Growing practices need more hands on deck
Sole practitioners or leaders of small firms who want to take their practice to the next level should seriously consider hiring more advisers, though there are, of course, cost decisions to consider, observers say.
“If your practice is growing, you can only go for so long before clients might begin to notice that you’re juggling too many balls,” says Harriet Brackey, a CFP and the director of investments and the co-chief investment officer at GSK Wealth Advisors in Hollywood, Fla. “Adding good technology will help, but hiring someone is really the eventual answer.”
If a sole practitioner decides to add advisers, typically client service improves and a practice can gain more revenue, Brackey says.
Catherine Seeber, a CFP and a partner and senior adviser at Wescott Financial Advisory Group in Philadelphia, says that the decision as to whether to stop being a sole practitioner is an individual one.
She points to the 2015 FA Insight “Study of Advisory Firms: People and Pay,” which found that the most financially successful and profitable advisory firms are taking home more in owner income than advisers in larger ensemble firms.
However, Seeber, asks, what other “prices” are they paying?
At the same time, adviser recruiting firms say that there is growing consolidation of firms because it is difficult and expensive to be a sole practitioner, she says.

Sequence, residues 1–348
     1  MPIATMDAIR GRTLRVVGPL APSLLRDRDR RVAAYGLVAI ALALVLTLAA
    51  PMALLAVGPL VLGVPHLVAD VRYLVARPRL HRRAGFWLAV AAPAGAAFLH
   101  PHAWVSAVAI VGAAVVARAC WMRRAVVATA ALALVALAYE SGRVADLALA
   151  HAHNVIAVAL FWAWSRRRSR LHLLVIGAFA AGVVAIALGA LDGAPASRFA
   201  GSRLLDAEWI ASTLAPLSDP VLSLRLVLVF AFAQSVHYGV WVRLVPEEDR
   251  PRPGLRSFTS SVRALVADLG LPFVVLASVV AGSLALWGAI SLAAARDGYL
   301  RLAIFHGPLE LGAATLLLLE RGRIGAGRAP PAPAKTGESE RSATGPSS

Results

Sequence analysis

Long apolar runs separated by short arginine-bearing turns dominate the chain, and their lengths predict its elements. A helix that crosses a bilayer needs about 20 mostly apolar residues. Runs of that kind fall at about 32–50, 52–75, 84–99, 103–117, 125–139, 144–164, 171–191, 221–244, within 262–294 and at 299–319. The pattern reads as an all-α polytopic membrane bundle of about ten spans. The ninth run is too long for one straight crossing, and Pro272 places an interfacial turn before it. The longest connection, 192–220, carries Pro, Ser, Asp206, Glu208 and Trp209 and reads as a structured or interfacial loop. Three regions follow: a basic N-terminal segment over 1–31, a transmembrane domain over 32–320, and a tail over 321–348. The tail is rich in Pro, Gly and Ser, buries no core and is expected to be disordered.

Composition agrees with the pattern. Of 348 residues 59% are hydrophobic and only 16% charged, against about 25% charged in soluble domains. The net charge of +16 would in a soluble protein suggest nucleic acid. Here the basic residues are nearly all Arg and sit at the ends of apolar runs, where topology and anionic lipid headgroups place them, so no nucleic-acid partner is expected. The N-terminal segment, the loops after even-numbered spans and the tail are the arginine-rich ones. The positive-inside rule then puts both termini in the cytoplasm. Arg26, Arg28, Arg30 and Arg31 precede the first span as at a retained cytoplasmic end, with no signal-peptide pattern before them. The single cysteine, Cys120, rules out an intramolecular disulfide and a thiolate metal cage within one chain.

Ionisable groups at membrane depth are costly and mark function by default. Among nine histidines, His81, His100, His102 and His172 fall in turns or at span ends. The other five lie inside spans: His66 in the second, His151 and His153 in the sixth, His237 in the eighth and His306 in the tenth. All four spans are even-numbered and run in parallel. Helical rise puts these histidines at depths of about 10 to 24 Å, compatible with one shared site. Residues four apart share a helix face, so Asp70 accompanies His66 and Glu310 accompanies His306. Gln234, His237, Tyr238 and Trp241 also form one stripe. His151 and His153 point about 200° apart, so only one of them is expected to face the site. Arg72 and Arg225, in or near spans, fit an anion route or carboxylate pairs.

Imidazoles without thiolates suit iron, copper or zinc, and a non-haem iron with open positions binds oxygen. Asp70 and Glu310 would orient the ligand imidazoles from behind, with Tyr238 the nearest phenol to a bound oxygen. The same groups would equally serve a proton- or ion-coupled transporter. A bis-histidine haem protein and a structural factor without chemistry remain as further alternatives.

Much of the recent merger activity among advisers is based on the fact that the solo firms recognize that their expenses will overwhelm them if they don’t find at least one other practitioner with whom they share the burden.
“Personally speaking, ignoring the glory of autonomy or financial and hardship impact on the solo practitioner, the overwhelming benefit of having more planners on staff is the leveraging of knowledge among your peers,” Seeber says.
In retaining and acquiring clients, they often feel more satisfied knowing that there is a deeper bench of support and human capital, she says.
That isn’t to say, however, that sole practitioners don’t have a wide array of support and people that can be the “team behind the scenes,” Seeber says.
“You just have to be more strategic in your alignment of networks and hope that all of your outsourcing is working in tandem with one another,” she says. “Without saying, the obvious disadvantage of a solo practice is succession planning.”
This story is part of a 30-30 series on ways to upgrade your practice.